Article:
The sympathetic branch is largely responsible for our fight/ flight reactions, while the para-sympathetic is largely responsible for freeze/fright reactions, so when we face a danger that we cannot escape from ie, memory sensations of a traumatic event we (feign death) escape by going into hyper-vigilant dissociation, this is now understood as simultaneous hyper-activity in both branches of the nervous system.

To escape the sensations of the body, we escape into our heads and that is why we get issues like not being able to feel the ground beneath our feet, and other such symptoms of dissociation.

Mania has been acknowledged as the second phase of bipolar disorder, even though it presents as the first, because that's when we normally seek the medical door. Yet it is now thought that this is only after a long period of withdrawal on the depressive side, perhaps even that mania is an unconscious urge to re-engage with life, hence the feelings of wellbeing in the early days as the nervous system comes back into balance.

Sadly there is little discussion of this period of enhanced wellbeing, with an autonomic acceptance that life before the manic episode was cradled in normal wellbeing, and what normal wellbeing implies.

In the process of the manic experience, is an original trauma defense pattern of hyper-active nervous system activity still unconscious, such as a tendency for braced muscular postures. Do we slip back into our habituated negative defense of hyperactive autonomic nervous system activity, as the chaos of mania fails to reorganize the nervous systems hierarchical balance.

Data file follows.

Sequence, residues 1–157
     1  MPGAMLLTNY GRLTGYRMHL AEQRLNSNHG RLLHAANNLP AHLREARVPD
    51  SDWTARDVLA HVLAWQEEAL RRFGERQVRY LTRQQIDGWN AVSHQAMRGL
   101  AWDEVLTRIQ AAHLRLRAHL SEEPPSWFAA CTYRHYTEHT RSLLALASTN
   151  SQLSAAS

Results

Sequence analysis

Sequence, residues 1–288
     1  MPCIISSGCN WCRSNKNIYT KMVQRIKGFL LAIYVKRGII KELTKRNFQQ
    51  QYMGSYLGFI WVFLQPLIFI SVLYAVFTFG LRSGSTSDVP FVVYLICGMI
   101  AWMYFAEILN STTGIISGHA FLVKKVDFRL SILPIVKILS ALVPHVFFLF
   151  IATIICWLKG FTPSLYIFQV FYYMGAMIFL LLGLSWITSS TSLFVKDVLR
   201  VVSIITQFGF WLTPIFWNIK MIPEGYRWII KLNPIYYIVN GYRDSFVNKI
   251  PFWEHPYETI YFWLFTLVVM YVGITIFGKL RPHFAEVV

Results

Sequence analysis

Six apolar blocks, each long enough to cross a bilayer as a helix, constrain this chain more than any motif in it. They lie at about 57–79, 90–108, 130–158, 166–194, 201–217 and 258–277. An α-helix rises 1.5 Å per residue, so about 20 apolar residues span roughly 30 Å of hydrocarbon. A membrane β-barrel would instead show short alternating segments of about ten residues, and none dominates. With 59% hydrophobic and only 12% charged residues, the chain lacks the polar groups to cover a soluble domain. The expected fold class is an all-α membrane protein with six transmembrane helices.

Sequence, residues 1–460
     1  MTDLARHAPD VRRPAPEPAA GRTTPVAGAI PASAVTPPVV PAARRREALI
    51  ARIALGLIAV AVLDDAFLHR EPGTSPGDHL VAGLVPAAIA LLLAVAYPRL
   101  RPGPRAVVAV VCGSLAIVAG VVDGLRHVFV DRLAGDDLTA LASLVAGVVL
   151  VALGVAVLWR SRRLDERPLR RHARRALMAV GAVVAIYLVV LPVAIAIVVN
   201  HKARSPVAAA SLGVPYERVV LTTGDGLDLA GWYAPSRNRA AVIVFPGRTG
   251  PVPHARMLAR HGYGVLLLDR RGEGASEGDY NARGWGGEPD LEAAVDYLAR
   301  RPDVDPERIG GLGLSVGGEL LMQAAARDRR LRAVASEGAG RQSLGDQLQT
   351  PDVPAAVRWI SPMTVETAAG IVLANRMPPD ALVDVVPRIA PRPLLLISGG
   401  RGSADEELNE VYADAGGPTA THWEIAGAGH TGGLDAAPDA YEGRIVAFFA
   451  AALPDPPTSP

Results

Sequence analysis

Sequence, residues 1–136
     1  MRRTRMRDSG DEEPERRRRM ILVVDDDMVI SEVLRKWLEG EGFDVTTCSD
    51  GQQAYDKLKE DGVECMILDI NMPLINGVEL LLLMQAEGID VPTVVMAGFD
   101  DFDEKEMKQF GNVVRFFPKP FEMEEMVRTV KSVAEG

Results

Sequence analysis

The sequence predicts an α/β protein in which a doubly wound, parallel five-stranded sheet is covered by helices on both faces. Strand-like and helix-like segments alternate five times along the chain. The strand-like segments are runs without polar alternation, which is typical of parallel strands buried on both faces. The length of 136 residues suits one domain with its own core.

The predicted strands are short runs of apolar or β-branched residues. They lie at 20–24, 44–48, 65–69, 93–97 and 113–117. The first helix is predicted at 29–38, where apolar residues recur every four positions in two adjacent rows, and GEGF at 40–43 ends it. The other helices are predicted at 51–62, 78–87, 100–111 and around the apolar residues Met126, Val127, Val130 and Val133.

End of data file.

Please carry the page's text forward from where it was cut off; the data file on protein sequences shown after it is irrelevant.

There is new awareness now being taken on-board by all sorts of therapists who use mindfulness and sensation tracking techniques to bring trauma victims in particular, back into awareness of their body.
The aim is to expand the individuals tolerance for sensation arousal within the body without escaping into dissociation. 

There is a growing awareness that all disorders of experience maybe a continuum ranging from mild to extreme, from the common experience of highway hypnosis to unusual forms of denial and on to delusion, perhaps our core experience as mediated by the evolved mammalian nervous system cannot be separated so easily into objective symptoms of this or that?.

Is the autonomic (animal) nervous system at the core of our "affective experience" of being alive in each passing moment of life, what neuroscience now describes as an "affective state?" Is a well balanced autonomic nervous system the core experience in Eckhart Tolle's description of "The Power of Now," and the Buddhist experience of deep meditation?